Throughout the COVID-19 pandemic, it’s been a challenge for companies, especially small and medium-sized teams to enable remote work. Now that we’re around 18 months into the situation, employers recognize that they’re going to have to make a long-term shift to a model and workplace environment conducive to remote work.
For a lot of employers as well as IT teams, that might mean a hybrid workplace becomes the new norm.
A hybrid workplace is one using a business model combining remote work with in-person, more traditional work. A hybrid workplace can look different depending on the industry, the business itself, and the employees. In some cases, employees can come into the office as they want, while other hybrid workplaces will include a core group that works almost entirely onsite, along with remote employees.
It can also be that teams rotate when they come into the office on any given day.
There are benefits, including the ability to better maintain corporate culture as compared to only having employees work offsite, as well as more centralized control over things like cybersecurity.
With those considerations in mind, the following touches on some critical components of effectively managing a hybrid workplace.
Reconsider Your Cybersecurity Strategy
One of the significant issues with remote work in general that we’ve seen playing out over the past 18 months is the lack of cybersecurity it creates. There isn’t that centralized visibility that IT teams would typically have, and with a hybrid environment, you do get some of that back. Still, at the same time, you have employees who are working from unsecured devices and on public wi-fi.
When employees aren’t on site they’re also probably going to be more lax in general about following cybersecurity guidelines and more prone to human error like falling prey to phishing.
As part of managing a hybrid workplace, you have to consider these security risks.
One strategy you can deploy to combat them is the use of a Zero-Trust security model.
With ZeroTrust, the focus is on the security and management of user identity and devices instead of reliance on a network perimeter, which is really only effective when everyone is onsite.
According to the United Nations Conference on Trade and Development, immense challenges come with a hybrid workplace. Many of these can be solved at least partially with identity management and Zero-Trust security.
Have a Specific Hybrid Workplace Policy
One of the many potential issues that can arise in a hybrid workplace is that there’s much room for gray. Gray areas in the workplace aren’t necessarily beneficial for anyone.
You need to have a hybrid work policy that clearly outlines expectations and rules. These might be rules relating to a variety of topics including equipment, cybersecurity, home-to-office hour ratios, attendance and breaks during the day. You should also outline your expectations for how reachable employees are and how long it takes them to respond to different types of communication.
Your employee handbook needs to integrate your remote work policy.
Get Employee Input and Buy-In
Too often, one of the hurdles businesses are running into right now is that they’re making plans for employees and drastically changing how things are done in the wake of the pandemic. Even so, they’re not asking employees for their feedback.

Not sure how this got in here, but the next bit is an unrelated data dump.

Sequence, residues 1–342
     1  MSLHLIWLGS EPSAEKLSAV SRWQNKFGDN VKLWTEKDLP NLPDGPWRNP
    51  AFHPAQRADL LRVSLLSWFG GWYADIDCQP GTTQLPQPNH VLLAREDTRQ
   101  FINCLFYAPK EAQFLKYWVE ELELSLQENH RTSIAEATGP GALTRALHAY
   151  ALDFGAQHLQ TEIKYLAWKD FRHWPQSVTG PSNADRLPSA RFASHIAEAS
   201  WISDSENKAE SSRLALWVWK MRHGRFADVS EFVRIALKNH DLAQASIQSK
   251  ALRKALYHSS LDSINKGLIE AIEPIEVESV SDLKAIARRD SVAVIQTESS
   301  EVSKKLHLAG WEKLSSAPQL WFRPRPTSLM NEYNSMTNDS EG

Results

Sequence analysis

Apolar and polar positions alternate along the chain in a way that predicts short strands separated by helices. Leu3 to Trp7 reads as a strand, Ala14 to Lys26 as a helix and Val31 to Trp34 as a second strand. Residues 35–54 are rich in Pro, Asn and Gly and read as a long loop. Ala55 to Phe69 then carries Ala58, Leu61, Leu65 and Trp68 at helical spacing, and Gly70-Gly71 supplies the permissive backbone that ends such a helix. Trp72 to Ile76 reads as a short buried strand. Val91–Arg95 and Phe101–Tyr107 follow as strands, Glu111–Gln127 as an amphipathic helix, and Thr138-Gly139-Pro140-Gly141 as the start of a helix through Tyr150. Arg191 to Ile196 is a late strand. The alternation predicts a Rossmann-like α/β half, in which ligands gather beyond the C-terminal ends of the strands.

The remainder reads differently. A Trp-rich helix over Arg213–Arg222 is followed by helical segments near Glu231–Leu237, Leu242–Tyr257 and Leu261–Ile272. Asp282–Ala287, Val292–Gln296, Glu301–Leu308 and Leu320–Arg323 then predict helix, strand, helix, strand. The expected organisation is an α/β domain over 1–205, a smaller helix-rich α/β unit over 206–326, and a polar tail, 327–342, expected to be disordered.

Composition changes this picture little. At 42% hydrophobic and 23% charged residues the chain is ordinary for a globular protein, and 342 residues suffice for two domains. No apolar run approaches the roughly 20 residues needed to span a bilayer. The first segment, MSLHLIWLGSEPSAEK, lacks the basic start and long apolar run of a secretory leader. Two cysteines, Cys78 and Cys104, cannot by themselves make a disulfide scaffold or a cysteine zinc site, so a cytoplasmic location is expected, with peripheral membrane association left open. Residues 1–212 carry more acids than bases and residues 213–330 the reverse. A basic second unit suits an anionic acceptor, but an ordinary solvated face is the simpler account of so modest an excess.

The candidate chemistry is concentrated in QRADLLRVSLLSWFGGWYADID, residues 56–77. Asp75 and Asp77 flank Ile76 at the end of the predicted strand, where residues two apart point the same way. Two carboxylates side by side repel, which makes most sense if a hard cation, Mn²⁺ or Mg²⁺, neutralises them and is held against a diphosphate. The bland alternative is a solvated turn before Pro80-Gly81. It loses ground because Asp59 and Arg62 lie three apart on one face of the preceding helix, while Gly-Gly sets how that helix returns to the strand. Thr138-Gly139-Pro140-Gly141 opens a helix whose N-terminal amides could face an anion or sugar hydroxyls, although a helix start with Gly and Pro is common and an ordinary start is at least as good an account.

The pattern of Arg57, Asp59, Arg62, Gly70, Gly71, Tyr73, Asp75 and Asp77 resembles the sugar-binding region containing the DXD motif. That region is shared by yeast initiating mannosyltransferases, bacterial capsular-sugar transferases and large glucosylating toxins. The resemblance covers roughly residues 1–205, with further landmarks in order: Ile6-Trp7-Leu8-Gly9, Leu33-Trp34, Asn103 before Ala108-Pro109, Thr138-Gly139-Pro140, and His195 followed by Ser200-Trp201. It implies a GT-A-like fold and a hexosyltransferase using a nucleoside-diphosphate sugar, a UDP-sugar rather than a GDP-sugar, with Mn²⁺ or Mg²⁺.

You may think employees want to do things one way when in reality they don’t.
The only way you’re going to know both what employees would like to see in the workplace and what challenges they’re facing is to ask them directly. That way, you can build a program around your employees rather than vice versa.
Bring your employees in as soon as you can to learn more about preference and concerns, and have a few key members who can serve as a committee to solidify your hybrid program.
Develop a Strong Online Community
The pitfalls of a hybrid environment include the fact that some employees may feel left out, or there may be an erosion of corporate culture. Combat this proactively, hopefully before it even happens by building a robust online community for employees.
Develop a less formal online space where people can gather online. For example, some companies use Slack, and you can in doing that also begin to cultivate conversations that aren’t related to work. You don’t want this to hamper productivity. The reality is that those informal conversations are an essential part of in-person work that fosters not only a strong culture but also collaboration.
Set Specific Expectations and Metrics for Everything
Again, you don’t want employees to feel like they’re facing gray areas, so you can set clear, measurable expectations for tasks and projects.
This doesn’t mean you micromanage employees in a hybrid workspace. Instead, they know what needs to get done, and then they work to get there in the way they feel is best.
What matters in a hybrid workplace more so even than a traditional office environment are results. In a traditional work setting, you might mistake long hours for productivity, for example. This isn’t going to be the case in a hybrid environment, which can be beneficial overall.
There are certainly benefits for both employers and employees in a remote work environment, but it can also be challenging for your employees. They may feel out of the loop or like they don’t have what they need to do their job. You need to check in often to see what challenges they’re facing and what you can do to mitigate those.
For example, you may need to evaluate the tools you’re providing to employees when they’re working remotely. In doing that evaluation, you could find you need to do more to help support their work and productivity through the provision of the right technology.
It’s up to you to give the tools that help employees solve problems and stay empowered when they’re working.